Rig Count

Rig Count Update: August 10, 2018

US RIG COUNT

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US Rig Count


Oil Markets

Oil spent another week struggling for direction, trading in a range between $70 and $66 per barrel. It started off last week testing $70 per barrel on both Monday and Tuesday but failed to make gains at that level. By Wednesday, the bears were entirely in control following news of a more significant increase in U.S. crude oil product inventory like gasoline, driving prices sharply lower on the day. Thursday was a classic Doji candlestick as the market floundered for direction. Friday was a bit of a relief rally, but most importantly, oil again failed to reach the previous week’s closing price. ~Gary Ashton, INVESTOPEDIA

WTI OIL PRICE

Investopedia

Crude oil prices just posted their longest losing streak in three years, registering six straight weeks of declines, and one veteran oil watcher says there could be much more volatility ahead.

Tom Kloza, co-founder of the Oil Price Information Service, told CNBC’s “Futures Now” this week that oil prices have been so volatile that a slump to $50, or even a spike above $100 could not be completely ruled out.

FRIDAY’s CLOSING PRICES

West Texas Intermediate futures for September delivery CLU18on the New York Mercantile Exchange, rose 82 cents, or 1.2%, to $67.63 a barrel. The gain halted a two-session skid for the contract.

Brent crude for October LCOV18 rose 74 cents, or 1%, to $72.81 a barrel.

Both contracts booked weekly declines, with WTI posting a fall over the 5-session stretch of 1.3%, and Brent posting a drop over the same period of 0.6%.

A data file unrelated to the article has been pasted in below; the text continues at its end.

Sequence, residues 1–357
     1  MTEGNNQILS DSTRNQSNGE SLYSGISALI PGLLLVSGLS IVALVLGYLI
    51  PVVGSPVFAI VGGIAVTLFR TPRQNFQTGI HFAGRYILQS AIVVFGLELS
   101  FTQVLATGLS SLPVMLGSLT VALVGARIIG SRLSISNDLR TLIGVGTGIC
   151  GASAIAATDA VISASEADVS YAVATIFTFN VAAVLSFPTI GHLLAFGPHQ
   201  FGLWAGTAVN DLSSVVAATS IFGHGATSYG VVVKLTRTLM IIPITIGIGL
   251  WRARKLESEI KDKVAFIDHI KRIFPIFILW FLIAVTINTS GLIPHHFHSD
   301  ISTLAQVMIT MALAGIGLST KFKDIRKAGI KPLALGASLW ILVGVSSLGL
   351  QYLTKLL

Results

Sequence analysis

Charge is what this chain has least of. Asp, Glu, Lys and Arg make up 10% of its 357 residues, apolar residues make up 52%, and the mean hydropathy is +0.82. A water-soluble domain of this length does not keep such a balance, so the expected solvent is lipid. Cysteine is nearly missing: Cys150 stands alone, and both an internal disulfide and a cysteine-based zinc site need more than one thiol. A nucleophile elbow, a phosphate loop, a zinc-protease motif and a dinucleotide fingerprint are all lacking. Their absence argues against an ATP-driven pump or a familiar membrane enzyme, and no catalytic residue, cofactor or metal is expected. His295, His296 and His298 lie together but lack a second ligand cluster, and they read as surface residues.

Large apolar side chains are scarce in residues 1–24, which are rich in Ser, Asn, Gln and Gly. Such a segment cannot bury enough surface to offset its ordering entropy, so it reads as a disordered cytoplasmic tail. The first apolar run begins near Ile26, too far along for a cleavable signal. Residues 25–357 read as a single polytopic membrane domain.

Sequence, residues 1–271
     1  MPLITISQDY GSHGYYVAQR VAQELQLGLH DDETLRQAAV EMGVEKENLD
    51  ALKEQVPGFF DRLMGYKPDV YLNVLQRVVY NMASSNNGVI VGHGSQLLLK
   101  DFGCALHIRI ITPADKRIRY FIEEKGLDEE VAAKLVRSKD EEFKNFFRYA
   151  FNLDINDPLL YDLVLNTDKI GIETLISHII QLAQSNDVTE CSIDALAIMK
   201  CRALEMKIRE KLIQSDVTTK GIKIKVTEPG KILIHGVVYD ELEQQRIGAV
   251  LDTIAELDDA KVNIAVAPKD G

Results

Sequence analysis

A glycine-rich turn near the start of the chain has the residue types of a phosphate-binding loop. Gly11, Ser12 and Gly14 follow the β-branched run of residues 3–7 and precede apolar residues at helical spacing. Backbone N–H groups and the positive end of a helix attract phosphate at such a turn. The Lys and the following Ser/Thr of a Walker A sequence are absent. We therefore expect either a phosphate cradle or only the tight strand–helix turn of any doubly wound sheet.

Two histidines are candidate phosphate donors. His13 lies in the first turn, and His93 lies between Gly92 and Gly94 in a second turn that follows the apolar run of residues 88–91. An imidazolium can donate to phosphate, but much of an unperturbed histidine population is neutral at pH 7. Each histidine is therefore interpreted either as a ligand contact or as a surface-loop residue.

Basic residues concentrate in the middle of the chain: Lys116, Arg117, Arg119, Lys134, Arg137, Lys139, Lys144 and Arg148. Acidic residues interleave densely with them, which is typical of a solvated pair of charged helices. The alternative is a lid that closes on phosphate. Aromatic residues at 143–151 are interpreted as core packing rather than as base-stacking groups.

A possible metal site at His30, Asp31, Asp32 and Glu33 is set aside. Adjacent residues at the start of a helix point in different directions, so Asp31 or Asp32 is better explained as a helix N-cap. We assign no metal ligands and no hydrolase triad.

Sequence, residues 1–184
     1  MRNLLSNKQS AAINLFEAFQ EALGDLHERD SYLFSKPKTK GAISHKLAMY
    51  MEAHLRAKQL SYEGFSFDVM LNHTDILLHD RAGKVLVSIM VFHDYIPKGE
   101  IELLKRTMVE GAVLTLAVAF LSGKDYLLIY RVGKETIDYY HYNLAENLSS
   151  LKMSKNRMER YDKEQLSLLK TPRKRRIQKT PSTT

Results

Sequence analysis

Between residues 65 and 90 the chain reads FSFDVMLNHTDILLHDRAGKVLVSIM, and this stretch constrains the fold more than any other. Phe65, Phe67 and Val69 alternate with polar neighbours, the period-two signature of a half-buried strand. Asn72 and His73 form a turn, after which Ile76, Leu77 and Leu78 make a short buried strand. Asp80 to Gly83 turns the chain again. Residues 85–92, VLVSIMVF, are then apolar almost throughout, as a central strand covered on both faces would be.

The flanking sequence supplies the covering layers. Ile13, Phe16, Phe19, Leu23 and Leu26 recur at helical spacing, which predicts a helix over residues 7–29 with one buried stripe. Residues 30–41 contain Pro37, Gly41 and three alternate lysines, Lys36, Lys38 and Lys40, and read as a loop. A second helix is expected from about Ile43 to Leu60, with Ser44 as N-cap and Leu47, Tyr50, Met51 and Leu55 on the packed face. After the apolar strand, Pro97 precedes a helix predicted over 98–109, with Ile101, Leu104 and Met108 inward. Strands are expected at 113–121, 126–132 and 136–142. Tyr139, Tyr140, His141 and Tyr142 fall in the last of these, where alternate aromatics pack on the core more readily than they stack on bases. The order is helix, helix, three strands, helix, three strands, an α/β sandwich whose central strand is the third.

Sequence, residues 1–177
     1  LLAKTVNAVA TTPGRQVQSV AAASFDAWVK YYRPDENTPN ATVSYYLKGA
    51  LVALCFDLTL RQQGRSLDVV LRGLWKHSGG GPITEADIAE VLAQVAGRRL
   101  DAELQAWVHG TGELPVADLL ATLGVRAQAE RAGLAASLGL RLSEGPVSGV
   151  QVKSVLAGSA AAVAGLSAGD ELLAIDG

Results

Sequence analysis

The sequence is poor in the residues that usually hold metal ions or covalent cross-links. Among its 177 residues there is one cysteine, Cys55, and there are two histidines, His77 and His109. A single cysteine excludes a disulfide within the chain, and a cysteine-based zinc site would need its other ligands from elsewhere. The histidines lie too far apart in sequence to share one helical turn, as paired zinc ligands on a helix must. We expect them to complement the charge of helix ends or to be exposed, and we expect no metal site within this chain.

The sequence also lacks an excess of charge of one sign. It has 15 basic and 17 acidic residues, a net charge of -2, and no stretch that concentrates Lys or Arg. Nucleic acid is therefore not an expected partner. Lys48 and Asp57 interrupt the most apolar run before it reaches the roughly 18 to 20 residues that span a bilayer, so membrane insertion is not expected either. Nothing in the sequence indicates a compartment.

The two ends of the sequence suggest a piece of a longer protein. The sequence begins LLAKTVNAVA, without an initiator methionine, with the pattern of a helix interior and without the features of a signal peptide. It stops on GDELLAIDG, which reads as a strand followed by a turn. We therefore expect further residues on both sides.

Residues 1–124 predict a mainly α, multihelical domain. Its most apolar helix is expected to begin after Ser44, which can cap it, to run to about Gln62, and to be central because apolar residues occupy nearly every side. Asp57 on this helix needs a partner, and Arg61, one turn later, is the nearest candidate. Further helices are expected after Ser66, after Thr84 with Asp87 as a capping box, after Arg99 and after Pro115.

US Rig Count

RIG COUNT

Weekly Summary: Rigs engaged in the exploration and production in the U.S. gained +13 for the week ended August 10, 2018, up to 1057.  Land rigs jumped +10 to 1035. The offshore rig count was +3 at 20.   Rigs drilling in the inland waters remained flat at 2 for the week.

Oil Rig Count: The US crude oil rig count was up +10 at 869 for the week. There are 101 more rigs targeting oil than last year. Rigs drilling for oil represent 82.2 percent of all drilling activity.

US oil rigs tested an all-time high of 1,609 in October 2014. In contrast, the rigs hit 316 in May 2016—the lowest level since the 1940s.

Natural Gas Rig Count: The natural gas rig count – which plunged to its lowest last August – was up +3 increasing to 186. The number of rigs drilling for gas is higher by 5 rigs than last year’s level of 181.

 

US Rig Count Infographic

AMONG MAJOR OIL- AND GAS-PRODUCING STATES:

GAINERS

Louisiana gained six rigs and New Mexico increased by five. Alaska and Oklahoma each gained two. California and Ohio added a rig apiece.

UNCHANGED

Five states were unchanged this week, namely Colorado, North Dakota, Utah, West Virginia and Wyoming.

LOSERS

Texas, meanwhile, lost two rigs, while Arkansas, Kansas, and Pennsylvania each decreased by one.

 

Summary of Major Plays – Ranked By Rig Count

– Permian Basin 485 rigs compared to last week’s 480 rigs

– Eagle Ford 79 rigs compared to last week’s 80 rigs

– Cana Woodford 68 rigs compared to last week’s 68 rigs

– Williston 56 rigs compared to last week’s 56 rigs

– Marcellus 52 rigs compared to last week’s 53 rigs

– Haynesville 49 rigs compared to last week’s 48 rigs

– DJ-Niobrara 25 rigs compared to last week’s 25 rigs

– Utica 24 rigs compared to last week’s 23 rigs

– Granite Wash 17 rigs compared to last week’s 16 rigs

– Arkoma Woodford 6 rigs compared to last week’s 7 rigs


For more details on the latest national and state news regarding last Friday’s Baker Hughes rig count data, check out the interactive rig count dashboard on the Oklahoma Index tab of our website.

US Rig Count Dashboard

Compiled and Published by GIB KNIGHT

Gib Knight is a private oil and gas investor and consultant, providing clients advanced analytics and building innovative visual business intelligence solutions to visualize the results, across a broad spectrum of regulatory filings and production data in Oklahoma and Texas. He is the founder of OklahomaMinerals.com, an online resource designed for mineral owners in Oklahoma.

SOURCE: Baker Hughes

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